Why are celebs holding an Instagram and Facebook “freeze”?
Celebrities have a tumultuous relationship with social media. There’s little debate about it. Being a public image, constantly being in the public eye is exhausting as it is, the immediacy & access of social media complicates it further.
The latest manifestation of this tumult is seen in a social media “freeze” that almost two dozen Hollywood celebrities and star influencers like Kim Kardashian West, Katy Perry, Leonardo DiCaprio, Mark Ruffalo, Ashton Kutcher, Kerry Washington, Rosario Dawson, Jamie Foxx, and Sacha Baron Cohen are using as a protest.
It sounds absurd because it is. It’s no news that Facebook has time and again failed to safeguard the interests of its users. Violent and harmful content is just the tip of the iceberg. There’s a deluge of election-related misinformation that plagues the platform.
Despite being asked to take action, Facebook founder Mark Zuckerberg has so far exhibited a nonchalant response to the problem. He has also been in the congressional hot seat before, where he was bombarded with questions as to his company’s practices & his response to it.
For more than six hours, he kept dodging the questions shot at him by Democratic Chairwoman Maxine Waters and Representative Alexandria Ocasio-Cortez, taking no responsibility to combat the deluge of misinformation, inflammatory content, and fake news spreading through the platform, especially in light of the 2020 elections.
He denied accountability as to what the politicians chose to advertise on the platform & didn’t confirm if such content pieces would be taken off the platform.
To protest against this, celebrities took part in a 24-hour Instagram freeze. For those who don’t know, Facebook bought Instagram in 2012. It was a part of the #StopHateforProfit movement. The movement implores people to look at the predatory nature of tech platforms, “Tech companies are not doing enough to fight hate on their digital social platforms. They must Stop Hate for Profit. Join the fight.”
Under the campaign, everyone involved puts up an awareness message about the harms of Facebook and refrain from posting on Instagram for a day. Now for most of us, not posting on or opening the Instagram app is no big deal. But for celebrities & influencers who earn off the platforms, it could mean something?
Kim Kardashian West, for example, posted on her Instagram account to her 188 million followers, “I can’t sit by and stay silent while these platforms continue to allow the spreading of hate, propaganda and misinformation – created by groups to sow division and split America apart – only to take steps after people are killed.”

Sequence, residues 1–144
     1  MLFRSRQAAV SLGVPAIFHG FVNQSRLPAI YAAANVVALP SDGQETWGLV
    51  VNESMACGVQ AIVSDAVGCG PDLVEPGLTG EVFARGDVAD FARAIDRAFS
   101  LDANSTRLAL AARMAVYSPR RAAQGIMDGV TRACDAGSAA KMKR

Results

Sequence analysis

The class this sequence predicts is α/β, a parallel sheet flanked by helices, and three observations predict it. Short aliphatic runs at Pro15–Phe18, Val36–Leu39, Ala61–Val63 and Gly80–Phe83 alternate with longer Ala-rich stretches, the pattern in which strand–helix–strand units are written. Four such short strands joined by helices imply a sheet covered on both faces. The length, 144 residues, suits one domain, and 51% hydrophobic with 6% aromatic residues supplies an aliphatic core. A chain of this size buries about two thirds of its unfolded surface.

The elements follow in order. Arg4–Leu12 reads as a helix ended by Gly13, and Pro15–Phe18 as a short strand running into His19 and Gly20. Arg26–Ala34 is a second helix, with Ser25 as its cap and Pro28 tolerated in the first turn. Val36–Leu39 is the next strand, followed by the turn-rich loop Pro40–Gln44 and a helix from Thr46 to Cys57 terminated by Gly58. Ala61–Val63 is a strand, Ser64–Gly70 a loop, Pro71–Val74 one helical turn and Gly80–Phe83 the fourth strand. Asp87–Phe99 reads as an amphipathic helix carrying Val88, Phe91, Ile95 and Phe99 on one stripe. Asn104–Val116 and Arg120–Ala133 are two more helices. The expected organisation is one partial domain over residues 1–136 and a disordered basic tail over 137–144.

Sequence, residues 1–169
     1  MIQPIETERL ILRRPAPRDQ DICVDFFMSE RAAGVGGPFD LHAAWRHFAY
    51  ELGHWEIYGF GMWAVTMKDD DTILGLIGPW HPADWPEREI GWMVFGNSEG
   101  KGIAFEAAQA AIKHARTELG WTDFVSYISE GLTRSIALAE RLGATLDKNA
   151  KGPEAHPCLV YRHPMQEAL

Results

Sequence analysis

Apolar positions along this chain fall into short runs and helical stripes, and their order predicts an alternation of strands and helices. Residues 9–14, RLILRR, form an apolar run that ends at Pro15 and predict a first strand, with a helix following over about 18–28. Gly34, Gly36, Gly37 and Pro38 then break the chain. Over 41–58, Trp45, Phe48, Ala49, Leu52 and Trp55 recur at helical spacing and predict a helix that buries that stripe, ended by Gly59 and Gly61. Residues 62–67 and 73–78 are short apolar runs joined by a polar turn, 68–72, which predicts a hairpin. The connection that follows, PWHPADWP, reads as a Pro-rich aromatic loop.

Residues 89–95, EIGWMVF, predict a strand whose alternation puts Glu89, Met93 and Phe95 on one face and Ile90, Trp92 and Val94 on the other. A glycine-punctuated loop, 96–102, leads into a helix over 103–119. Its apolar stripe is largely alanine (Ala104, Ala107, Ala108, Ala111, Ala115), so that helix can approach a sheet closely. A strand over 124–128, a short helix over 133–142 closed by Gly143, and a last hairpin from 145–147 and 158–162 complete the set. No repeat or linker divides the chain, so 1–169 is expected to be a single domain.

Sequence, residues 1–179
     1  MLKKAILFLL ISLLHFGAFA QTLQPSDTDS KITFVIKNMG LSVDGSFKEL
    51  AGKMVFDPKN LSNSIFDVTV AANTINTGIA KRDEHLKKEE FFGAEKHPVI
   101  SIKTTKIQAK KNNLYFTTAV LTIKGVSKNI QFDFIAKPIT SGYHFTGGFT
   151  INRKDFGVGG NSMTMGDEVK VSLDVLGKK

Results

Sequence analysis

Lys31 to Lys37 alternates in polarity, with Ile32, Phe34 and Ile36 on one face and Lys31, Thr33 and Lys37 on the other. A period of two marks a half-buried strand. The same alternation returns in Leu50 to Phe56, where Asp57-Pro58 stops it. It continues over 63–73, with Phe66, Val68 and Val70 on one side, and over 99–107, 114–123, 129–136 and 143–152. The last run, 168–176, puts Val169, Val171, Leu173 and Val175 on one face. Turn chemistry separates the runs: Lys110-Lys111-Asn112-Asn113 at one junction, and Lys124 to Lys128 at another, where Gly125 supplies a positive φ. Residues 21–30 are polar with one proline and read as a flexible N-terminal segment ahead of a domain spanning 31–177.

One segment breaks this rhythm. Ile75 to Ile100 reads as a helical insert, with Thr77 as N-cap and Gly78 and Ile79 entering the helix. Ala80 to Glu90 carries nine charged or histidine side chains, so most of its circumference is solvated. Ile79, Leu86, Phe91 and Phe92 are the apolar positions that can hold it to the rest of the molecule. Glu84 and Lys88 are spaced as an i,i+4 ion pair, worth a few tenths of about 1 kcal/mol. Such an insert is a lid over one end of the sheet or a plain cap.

DiCaprio also echoed the sentiment as he called “on all users of Instagram and Facebook to protest the amplification of hate, racism, and the undermining of democracy on those platforms.”
The #StopHateforProfit movement has previously also run campaigns that involved brands & nonprofits boycotting Facebook advertising in July. Comprising civil rights groups like the NAACP, the Anti-Defamation League, Common Sense, Sleeping Giants, among others, the movement is now capturing noticeable eyeballs.
They mention about the campaign’s success on their website, “With the support of more than 1,200 businesses and non-profits and countless consumers, we sent a clear message to Facebook in July 2020 with our ad pause: stop valuing profits over hate, bigotry, racism, antisemitism, and disinformation.”
In line with this, celebrities boycotting or freezing their social media for a day might seem like a big statement to make. Consider this: Facebook shares were down 1.7% the next day. The movement is trying to make it clear that the Elections are a time for a reckoning for the social media giant.
Way to take a risk people. 🙄#DoBetter https://t.co/UuD76SVczR
— 𝚏𝚎𝚗 (@fenrir_71) September 15, 2020
The Twitterati aren’t having it
The response to this protest from the public has been rather icy. People have been calling out celebrities on their bluff & tokenism. As the celebrities choose not to post anything on the photo-sharing site as a kind of moratorium against Facebook, people pointed out that this is merely symbolic, that it won’t make a real difference.
These stunts are worthless if temporary and short-lived (which they always are.) If anything, they shine a light on the fact that we cannot live without these platforms since everyone always comes back (brands included.)https://t.co/dbnuohux41
— Jenna Golden (@jigolden) September 15, 2020
One user also tweeted, “These stunts are worthless if temporary and short-lived (which they always are.) If anything, they shine a light on the fact that we cannot live without these platforms since everyone always comes back (brands included).”